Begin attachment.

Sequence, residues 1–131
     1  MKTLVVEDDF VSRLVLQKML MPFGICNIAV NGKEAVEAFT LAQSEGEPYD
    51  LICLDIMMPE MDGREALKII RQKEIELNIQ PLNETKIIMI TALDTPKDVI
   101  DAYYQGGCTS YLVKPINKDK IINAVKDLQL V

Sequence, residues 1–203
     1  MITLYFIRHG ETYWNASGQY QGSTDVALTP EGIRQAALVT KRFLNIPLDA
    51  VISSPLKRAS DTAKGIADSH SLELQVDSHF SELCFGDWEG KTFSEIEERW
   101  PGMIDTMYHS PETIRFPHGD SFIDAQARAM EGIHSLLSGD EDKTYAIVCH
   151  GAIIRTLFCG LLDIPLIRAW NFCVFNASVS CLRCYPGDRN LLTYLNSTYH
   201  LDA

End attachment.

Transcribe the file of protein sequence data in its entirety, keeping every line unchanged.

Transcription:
Sequence, residues 1–131
     1  MKTLVVEDDF VSRLVLQKML MPFGICNIAV NGKEAVEAFT LAQSEGEPYD
    51  LICLDIMMPE MDGREALKII RQKEIELNIQ PLNETKIIMI TALDTPKDVI
   101  DAYYQGGCTS YLVKPINKDK IINAVKDLQL V

Sequence, residues 1–203
     1  MITLYFIRHG ETYWNASGQY QGSTDVALTP EGIRQAALVT KRFLNIPLDA
    51  VISSPLKRAS DTAKGIADSH SLELQVDSHF SELCFGDWEG KTFSEIEERW
   101  PGMIDTMYHS PETIRFPHGD SFIDAQARAM EGIHSLLSGD EDKTYAIVCH
   151  GAIIRTLFCG LLDIPLIRAW NFCVFNASVS CLRCYPGDRN LLTYLNSTYH
   201  LDA